Stars: Betty Lou Gerson, Lindsay Rideway, Don Knotts, Ashley Peldon, Scott Bakula
Genre: Animation, Comedy, Family
Rating: G (General Audience)
Runtime: 120 minutes
Actually, cats do dance, and there are a lot of little cat feet tapping all over this odd animated film. Complaints about originality can't be leveled here; the film works within the confines of the musical genre, but there's never really been anything like this. Danny the cat is from Kokomo, and he's got a short list of things he has to do to become a big star in Hollywood. Unfortunately, he's unaware that animals, even talented ones, aren't even considered for showy parts in films. They're considered window dressing for humans, especially big stars such as Darla Dimple, the unlikely antagonist here. The music is by Randy Newman, and it's not really his best, but toe tapping may occur. The animation is reminiscent of an upgraded Animaniacs, and there's a frenetic, jittery sense to the scenes (mostly dealing with slapstick humor). Older fans of animation or bygone Hollywood will have much more to appreciate here than small children, but that's refreshing in itself. --Keith Simanton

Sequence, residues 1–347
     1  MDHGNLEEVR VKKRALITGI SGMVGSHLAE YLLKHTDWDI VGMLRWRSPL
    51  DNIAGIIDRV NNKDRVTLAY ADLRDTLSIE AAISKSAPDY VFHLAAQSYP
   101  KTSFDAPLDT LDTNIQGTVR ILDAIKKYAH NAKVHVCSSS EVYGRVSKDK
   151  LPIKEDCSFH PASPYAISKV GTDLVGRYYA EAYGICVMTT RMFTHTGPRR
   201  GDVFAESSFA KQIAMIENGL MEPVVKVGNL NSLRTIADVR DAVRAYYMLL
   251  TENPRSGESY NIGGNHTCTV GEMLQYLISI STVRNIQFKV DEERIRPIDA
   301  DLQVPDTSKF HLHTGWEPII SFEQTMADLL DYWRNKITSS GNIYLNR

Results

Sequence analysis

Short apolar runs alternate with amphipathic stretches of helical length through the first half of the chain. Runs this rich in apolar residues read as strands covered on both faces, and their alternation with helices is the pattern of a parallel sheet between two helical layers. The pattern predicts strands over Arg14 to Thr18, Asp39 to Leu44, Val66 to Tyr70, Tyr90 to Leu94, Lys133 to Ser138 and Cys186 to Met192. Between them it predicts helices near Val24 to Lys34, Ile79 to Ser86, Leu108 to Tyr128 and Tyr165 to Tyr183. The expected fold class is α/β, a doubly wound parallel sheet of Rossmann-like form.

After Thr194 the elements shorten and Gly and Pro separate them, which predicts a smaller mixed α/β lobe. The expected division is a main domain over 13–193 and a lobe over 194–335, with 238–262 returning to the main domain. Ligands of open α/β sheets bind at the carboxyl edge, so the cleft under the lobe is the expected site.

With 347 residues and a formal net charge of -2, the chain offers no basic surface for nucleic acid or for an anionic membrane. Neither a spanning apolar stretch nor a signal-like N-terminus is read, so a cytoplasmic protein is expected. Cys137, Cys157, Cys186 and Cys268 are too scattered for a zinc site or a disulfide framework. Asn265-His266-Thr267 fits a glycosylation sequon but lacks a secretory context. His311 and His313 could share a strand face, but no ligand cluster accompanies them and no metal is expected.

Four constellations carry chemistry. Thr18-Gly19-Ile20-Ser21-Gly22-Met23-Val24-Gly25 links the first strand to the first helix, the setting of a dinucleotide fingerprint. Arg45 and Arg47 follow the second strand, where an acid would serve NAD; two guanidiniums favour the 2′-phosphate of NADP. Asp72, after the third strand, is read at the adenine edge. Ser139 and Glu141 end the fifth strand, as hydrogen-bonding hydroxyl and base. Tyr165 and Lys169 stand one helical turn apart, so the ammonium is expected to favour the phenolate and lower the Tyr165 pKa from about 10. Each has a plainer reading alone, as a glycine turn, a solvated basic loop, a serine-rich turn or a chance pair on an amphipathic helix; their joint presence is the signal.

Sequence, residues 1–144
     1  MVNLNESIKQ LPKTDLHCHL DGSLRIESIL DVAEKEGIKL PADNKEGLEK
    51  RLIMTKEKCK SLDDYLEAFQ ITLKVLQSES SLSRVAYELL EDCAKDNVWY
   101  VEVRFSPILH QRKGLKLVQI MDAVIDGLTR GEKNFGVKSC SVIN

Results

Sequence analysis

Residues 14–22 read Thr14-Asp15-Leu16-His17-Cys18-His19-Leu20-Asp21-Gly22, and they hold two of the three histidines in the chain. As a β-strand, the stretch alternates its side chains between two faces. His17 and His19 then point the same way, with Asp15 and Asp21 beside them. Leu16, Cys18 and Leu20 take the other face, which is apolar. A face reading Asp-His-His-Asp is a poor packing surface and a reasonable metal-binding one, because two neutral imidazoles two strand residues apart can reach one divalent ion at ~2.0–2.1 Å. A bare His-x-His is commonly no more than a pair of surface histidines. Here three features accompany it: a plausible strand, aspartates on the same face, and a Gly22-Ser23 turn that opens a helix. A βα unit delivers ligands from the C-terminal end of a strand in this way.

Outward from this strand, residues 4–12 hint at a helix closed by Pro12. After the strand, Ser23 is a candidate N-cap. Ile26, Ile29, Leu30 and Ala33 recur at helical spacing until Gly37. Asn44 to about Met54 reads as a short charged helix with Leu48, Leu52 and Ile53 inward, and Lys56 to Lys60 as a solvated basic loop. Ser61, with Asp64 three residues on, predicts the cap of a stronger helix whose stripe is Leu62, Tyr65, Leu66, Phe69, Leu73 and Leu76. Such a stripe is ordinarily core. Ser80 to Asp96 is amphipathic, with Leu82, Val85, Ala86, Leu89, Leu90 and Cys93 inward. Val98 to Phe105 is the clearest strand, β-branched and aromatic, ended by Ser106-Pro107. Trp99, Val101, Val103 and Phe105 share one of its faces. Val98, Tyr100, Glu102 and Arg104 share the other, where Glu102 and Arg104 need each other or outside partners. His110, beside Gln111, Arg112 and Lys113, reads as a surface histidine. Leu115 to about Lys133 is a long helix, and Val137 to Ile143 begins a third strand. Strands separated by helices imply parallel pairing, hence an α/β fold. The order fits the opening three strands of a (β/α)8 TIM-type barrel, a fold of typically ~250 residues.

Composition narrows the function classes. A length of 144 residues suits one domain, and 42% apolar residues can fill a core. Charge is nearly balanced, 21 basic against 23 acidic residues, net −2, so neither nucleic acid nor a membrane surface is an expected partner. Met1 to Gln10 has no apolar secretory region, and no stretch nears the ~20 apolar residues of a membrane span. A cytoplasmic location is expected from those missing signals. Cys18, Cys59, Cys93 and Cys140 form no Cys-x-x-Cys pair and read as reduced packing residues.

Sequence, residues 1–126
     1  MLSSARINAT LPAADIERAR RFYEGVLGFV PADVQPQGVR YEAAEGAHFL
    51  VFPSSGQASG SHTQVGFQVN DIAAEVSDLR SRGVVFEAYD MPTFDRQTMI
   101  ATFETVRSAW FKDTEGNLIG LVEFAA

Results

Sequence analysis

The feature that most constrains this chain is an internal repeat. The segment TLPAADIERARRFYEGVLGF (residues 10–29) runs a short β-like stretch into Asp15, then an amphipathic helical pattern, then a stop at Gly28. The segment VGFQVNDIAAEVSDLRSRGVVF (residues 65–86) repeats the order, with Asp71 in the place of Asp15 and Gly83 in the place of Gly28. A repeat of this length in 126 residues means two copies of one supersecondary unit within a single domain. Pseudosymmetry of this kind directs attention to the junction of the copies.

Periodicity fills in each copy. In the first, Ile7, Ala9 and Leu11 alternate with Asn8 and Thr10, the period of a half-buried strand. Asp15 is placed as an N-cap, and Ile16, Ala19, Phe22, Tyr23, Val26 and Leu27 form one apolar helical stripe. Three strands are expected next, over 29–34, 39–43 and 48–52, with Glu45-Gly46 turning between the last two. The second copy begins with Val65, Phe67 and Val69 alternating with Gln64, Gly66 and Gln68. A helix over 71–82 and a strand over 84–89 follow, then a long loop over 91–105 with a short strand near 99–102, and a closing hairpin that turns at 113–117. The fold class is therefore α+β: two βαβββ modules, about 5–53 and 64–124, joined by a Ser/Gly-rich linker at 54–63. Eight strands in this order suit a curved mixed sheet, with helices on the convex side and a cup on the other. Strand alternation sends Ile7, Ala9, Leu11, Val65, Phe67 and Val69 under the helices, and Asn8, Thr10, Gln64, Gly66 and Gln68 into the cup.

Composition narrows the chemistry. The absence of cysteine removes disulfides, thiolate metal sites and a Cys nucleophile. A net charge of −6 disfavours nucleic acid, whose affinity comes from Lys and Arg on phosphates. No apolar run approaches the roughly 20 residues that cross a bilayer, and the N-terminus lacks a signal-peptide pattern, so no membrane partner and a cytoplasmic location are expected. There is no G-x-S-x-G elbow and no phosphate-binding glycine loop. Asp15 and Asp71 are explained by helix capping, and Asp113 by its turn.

Sawyer, what happened to you?
Did you walk under a ladder? Smash a mirror?
Have you looked in one lately?
No, a cat crossed my path.
Really? Orange tabby?
Oh, what a coinky-dink!
How did you know?
Oh, hippo's intuition.
Life here for animals is the pits. Always playing the scapegoat.
Working for scale.
Then why are you still here? You're still here because you can't get over that feeling when... when you two dance together. When you play. When you sing. They've cursed you, humilliated you, even slammed the door on your face, but they haven't made you forget. Have they?
Did you know the peanut is not a nut at all? And not a pea, for that matter. It's rather odd that we call it a nut because it isn't a nut, you see. It's actually a member of the legume family. How about pea-legume? No, that doesn't make any sense, either. But whatever it is, it makes a splendid tea.